Despite the descriptions of the card as it recently appeared in several major auctions, it is more than just "low population" that causes the excessive demand for the 1914 Cracker Jack Del Pratt. While that certainly is the case - PSA has graded just 20 examples - there are other cards in the set with lower populations, that routinely sell for less than the Pratt.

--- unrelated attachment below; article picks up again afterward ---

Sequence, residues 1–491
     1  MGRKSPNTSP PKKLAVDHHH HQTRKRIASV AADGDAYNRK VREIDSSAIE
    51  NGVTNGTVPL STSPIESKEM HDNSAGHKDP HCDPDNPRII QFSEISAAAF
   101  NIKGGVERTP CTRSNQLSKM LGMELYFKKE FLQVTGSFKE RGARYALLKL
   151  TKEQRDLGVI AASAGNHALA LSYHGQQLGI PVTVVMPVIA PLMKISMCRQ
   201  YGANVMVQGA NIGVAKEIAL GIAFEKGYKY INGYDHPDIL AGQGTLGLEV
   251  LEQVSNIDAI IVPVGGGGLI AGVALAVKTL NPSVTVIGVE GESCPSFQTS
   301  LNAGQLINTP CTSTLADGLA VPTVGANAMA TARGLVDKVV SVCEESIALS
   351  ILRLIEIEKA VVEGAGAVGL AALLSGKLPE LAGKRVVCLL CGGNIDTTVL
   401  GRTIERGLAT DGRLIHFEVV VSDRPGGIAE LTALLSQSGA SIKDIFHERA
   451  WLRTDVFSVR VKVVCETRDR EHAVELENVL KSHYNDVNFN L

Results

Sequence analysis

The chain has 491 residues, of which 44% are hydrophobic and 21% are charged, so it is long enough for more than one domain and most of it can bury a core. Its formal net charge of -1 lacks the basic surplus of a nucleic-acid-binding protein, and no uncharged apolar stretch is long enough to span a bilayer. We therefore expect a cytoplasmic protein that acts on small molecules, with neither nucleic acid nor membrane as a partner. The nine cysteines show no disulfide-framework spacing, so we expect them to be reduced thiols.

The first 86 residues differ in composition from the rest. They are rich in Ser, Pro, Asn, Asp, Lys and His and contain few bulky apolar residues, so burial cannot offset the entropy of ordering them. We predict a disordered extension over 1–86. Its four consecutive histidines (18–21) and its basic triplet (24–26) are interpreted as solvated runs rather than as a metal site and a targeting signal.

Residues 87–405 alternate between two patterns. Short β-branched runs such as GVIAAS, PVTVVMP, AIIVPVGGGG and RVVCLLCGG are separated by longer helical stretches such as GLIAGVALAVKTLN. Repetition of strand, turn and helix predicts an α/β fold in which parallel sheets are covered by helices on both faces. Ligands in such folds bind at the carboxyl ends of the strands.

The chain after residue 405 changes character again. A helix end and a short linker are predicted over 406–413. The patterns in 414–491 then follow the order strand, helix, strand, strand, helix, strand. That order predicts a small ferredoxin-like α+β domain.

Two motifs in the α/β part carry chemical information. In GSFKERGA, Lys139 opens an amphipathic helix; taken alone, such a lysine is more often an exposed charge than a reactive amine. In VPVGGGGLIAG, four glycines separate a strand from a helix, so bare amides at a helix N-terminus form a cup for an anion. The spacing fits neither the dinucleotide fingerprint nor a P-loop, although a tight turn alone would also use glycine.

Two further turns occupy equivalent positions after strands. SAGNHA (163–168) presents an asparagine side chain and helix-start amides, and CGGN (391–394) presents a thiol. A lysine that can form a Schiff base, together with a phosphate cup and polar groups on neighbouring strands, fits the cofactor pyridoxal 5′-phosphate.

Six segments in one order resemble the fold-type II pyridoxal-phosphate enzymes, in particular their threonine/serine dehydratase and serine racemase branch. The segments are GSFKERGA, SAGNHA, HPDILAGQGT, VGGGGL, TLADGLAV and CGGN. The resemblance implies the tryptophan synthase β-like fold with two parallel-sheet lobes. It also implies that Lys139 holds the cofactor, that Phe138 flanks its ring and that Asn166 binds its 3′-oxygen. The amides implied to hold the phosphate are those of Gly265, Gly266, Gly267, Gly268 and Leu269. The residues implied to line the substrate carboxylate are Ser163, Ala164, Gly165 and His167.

The notoriety behind the Pratt is largely due to being one of just two cards where the player's pose was changed between the 1914 and 1915 issues (the other being Christy Mathewson, arguably the issue's most important card). Collectors who recognize the rarity of the 1914 issue and the difficulty (and expense) of completing a set will often attempt a mixed-year set, substituting the more plentiful 1915 issue when the cards share the same image. When it comes to the Mathewson and Pratt, however, collectors often choose to have both poses in their set. That, coupled with the inherent rarity of the Pratt card, is what causes the demand. In the instance of a similarly scarce card - Beals Becker, for example - a collector can acquire the same pose by tracking down the far more plentiful 1915 Cracker Jack example. But in the case of Pratt, a collector who desires this pose can only choose the 1914 issue. This is the 7th time we have handled a Pratt, and despite the grade, it is one of the finest - the PR grade largely due to a tiny tear in the left edge that is visible in the border of the card, but does not make it into the red background. Some additional areas of surface wear and caramel staining are evident, but the eye appeal is far greater than the technical grade.